All 7.9 X 57 (8 X 57) Are Not Created Equal
There are a number of 8mm surplus military rifles on the market at present. Including those that have been offered in the past there are a tremendous number of different types and manufacturers of rifles that are all lumped into the designation 8 X 57. Although it is true that the vast majority of these rifles were intended for the same .323” diameter bullet, these guns are not all the same when it comes to the bore/groove and throat dimensions. These differences can cause significant differences in operating pressure of ammunition from what the hand loader or manufacturer intended. The following information applies to rifles manufactured in the WWII time frame for the 7.9 X 57 JS, .323” diameter projectile ammunition.
I began this work after developing loads that were fired and pressure tested in a German made K98 rifle. These same loads were then fired in a G 33/40 and a VZ 24 and showed all the signs of excessive pressure. After looking carefully in the barrel of these rifles it was obvious their rifling form was substantially different than that encountered in the German made rifles. The SAAMI and CIP minimum specifications for bore, groove and land dimensions call for a bore of .311”, grooves of .323” and a land width of .078”. A large number of rifles, representing a good cross-section of manufacturers, were slugged to see what actual dimensions were used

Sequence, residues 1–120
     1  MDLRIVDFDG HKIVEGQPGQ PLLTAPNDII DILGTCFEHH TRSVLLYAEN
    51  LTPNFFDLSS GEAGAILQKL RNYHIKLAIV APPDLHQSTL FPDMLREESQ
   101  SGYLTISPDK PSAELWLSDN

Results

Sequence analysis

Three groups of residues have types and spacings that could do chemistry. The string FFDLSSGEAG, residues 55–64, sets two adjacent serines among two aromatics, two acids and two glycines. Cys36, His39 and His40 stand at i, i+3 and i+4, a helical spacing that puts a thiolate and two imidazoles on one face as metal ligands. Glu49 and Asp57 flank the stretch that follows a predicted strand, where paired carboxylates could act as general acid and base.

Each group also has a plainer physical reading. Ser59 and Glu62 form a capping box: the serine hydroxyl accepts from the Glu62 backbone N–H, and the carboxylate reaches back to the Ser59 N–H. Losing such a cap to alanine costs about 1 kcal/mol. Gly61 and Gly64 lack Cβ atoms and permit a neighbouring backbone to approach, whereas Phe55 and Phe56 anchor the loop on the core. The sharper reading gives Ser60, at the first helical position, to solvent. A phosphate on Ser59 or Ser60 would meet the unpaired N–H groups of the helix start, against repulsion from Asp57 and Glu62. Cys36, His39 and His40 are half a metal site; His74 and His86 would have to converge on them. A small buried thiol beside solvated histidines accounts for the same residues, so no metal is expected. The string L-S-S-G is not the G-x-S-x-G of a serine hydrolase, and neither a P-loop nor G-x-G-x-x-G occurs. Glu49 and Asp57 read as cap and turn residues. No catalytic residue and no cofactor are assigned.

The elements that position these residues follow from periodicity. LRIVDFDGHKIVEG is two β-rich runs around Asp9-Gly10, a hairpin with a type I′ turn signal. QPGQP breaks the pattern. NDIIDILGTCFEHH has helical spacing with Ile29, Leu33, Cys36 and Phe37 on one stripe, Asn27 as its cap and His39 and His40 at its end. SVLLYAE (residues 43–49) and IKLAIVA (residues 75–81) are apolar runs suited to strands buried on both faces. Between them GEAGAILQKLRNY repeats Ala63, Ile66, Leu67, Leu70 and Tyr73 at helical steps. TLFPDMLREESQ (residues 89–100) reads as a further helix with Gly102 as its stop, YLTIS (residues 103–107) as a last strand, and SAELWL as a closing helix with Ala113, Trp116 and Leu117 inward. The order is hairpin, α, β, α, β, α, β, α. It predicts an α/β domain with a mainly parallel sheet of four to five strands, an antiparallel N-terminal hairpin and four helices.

Five German made rifles, four of which were standard K98s, one having a Czech manufactured DOT barrel, and the fifth rifle, a late war HK converted Carcano in 7.9 X 57, were slugged. The barrels ranged from Good + condition to the HK Carcano with a virtually new bore. All guns had bores in the range of .3115” - .3125”, grooves from .3233” - .3243” and land widths from .063” - .065”. The length of cartridge at which a Hornady 195 gr SP hit the lands varied from 3.180” to 3.260” mainly a function of barrel condition. The data generated for the Hornady 195 gr SP was generated in one of German K98 rifles
Three Yugo K98 rebuilds were slugged and their bores measured .3109” - .3113”, groove diameters were .3231” - .3233”, and land width ran from .063” - .065”. There was a tremendous variation in throat length at which the Hornady 195 bullet hit the lands. Two rifles were in the 3.230 – 3.250” range. However, one rifle had the bullet hit the lands at 2.975”. This rifle also lacked one thread on the shank. The barrel had obviously been set back and the shoulder moved back out without throating the gun. All three barrels appeared to be in very good to nearly new condition.